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The true story of how multinational drug companies took liberties with African lives
Key Excerpts from Article on Website of The Independent (One of the U.K.'s leading newspapers)

The Independent (One of the U.K.'s leading newspapers), September 26, 2005
Posted: November 11th, 2006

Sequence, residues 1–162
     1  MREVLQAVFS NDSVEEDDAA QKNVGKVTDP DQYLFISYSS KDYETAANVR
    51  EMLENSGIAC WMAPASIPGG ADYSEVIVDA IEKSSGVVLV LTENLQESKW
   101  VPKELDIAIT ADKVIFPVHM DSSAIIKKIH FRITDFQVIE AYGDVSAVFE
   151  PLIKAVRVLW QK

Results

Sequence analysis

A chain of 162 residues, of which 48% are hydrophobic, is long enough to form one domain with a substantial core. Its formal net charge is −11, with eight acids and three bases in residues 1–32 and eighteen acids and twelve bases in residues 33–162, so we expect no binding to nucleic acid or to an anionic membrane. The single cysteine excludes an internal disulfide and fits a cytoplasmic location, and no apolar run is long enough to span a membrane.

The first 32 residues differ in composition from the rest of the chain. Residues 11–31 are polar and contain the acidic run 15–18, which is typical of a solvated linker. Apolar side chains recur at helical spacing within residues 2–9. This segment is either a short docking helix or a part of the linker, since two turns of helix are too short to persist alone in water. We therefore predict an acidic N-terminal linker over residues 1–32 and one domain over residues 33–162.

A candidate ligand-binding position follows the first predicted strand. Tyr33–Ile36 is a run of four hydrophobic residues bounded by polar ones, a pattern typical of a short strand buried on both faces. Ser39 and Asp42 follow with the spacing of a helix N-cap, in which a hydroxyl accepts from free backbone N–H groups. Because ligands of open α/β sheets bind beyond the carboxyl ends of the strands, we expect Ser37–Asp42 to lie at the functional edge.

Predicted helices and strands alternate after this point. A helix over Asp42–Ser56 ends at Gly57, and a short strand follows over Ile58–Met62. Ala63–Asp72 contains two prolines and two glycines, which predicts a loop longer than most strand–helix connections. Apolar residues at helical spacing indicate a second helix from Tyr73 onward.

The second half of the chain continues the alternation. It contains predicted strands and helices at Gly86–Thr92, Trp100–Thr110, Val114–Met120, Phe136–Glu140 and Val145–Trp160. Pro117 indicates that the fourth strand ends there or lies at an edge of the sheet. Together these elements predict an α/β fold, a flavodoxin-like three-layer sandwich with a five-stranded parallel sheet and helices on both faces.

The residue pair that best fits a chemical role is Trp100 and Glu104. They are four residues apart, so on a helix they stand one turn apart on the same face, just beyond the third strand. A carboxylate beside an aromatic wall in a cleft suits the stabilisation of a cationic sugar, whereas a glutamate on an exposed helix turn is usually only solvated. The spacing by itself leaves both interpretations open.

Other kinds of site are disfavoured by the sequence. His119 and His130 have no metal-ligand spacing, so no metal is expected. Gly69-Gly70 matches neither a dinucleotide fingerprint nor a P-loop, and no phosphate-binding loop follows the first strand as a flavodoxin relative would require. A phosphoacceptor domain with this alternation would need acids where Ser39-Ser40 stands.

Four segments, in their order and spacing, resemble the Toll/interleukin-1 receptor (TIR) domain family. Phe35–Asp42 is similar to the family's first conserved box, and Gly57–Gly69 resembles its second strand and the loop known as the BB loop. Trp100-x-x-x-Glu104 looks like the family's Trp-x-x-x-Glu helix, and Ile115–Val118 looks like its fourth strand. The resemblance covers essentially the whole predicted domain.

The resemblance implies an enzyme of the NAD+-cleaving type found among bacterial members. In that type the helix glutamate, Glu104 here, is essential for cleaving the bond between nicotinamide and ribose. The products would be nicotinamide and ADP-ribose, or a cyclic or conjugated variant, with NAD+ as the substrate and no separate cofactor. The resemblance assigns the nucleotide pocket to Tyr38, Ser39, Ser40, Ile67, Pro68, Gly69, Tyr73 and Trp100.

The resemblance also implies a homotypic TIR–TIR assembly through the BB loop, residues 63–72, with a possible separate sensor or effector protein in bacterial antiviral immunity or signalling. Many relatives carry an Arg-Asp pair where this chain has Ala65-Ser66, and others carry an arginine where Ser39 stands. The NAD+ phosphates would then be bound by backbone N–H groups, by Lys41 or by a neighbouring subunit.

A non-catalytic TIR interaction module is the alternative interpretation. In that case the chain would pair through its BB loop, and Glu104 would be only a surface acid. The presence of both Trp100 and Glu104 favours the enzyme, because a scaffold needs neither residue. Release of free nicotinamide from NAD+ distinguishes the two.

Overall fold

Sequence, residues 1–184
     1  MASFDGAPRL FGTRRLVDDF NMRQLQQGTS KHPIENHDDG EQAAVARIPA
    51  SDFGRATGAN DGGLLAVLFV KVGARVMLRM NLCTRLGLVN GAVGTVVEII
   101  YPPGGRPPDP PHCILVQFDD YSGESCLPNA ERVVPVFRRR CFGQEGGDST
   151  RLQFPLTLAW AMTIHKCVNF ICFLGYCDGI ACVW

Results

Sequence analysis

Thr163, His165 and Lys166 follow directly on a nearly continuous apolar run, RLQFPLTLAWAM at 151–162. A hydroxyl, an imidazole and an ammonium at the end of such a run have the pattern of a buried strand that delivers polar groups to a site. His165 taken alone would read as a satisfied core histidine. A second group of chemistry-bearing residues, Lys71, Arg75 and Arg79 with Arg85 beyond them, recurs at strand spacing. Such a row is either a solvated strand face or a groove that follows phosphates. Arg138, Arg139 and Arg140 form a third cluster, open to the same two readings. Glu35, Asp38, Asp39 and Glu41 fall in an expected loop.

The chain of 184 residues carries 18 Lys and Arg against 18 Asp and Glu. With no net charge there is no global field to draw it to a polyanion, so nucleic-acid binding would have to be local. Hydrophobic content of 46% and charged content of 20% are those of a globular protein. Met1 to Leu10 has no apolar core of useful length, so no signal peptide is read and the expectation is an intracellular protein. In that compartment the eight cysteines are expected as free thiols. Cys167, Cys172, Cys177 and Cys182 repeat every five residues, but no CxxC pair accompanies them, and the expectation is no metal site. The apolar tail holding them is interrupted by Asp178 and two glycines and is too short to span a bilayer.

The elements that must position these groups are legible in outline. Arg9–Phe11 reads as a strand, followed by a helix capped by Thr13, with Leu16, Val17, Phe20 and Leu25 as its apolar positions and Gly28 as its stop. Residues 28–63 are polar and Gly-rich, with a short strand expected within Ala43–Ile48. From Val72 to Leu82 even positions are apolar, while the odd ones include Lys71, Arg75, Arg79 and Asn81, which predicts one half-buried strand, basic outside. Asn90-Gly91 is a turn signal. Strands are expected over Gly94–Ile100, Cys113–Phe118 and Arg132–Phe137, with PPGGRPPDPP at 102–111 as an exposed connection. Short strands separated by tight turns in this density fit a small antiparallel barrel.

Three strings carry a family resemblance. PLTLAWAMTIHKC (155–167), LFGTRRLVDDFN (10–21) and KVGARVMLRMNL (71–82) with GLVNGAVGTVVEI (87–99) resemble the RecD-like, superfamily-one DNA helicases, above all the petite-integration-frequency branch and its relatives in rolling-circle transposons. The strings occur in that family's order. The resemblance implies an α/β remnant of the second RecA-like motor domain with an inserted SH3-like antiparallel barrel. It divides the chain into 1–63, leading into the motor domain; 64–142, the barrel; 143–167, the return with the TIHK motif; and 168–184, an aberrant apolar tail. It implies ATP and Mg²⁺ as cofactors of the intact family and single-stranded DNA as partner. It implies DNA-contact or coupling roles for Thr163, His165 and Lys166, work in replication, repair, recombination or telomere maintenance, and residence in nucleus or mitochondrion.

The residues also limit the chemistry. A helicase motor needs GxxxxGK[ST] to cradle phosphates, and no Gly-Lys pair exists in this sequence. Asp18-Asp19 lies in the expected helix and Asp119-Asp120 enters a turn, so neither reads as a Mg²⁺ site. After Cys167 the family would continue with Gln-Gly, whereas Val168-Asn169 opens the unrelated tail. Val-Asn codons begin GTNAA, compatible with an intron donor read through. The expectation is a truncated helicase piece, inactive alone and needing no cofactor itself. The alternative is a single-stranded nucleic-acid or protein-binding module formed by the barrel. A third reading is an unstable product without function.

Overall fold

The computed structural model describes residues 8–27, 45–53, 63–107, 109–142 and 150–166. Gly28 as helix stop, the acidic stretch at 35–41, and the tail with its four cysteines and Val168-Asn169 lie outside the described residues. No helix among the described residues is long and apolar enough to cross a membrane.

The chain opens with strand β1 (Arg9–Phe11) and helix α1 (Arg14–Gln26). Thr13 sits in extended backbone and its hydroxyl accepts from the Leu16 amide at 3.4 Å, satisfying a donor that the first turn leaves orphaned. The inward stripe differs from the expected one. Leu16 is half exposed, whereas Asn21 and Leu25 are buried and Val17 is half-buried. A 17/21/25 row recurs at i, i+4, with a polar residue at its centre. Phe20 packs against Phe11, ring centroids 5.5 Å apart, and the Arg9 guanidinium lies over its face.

The pharmaceutical industry is bracing itself for criticism when the film 'The Constant Gardener' opens next month. Away from the Hollywood script is a true story of how multinational drug companies took liberties with African lives with devastating consequences. Directed by Fernando Meirelles, of City of God fame, it is a thriller, a love story and a blistering attack on the drugs industry and the way it carelessly expends the lives of innocent citizens in the Third World in the quest for billion-dollar medicines to sell to the first world. After the credits roll, a note from John Le Carr appears on screen that reads: "As my journey through the pharmaceutical jungle progressed, I came to realise that, by comparison with the reality, my story was as tame as a holiday postcard." The film features two brutal killings, a savage beating, a campaign of harassment, intimidation and threats. The crimes of the pharmaceutical industry - from the price protection of Aids drugs which have denied life-saving medicines to millions, to the cover up of lethal side effects to protect profits - are well documented. The companies are not obliged to disclose a lot of information about how they test or make their drugs. There's big, big money involved. Editors of medical journals including The Lancet and The Journal of the American Medical Association had come under pressure not to publish data or to change it. The bigger scandal...lies in the rapacious pricing of the pharmaceutical industry that puts lifesaving drugs out of reach of individuals, hospitals and even nations.

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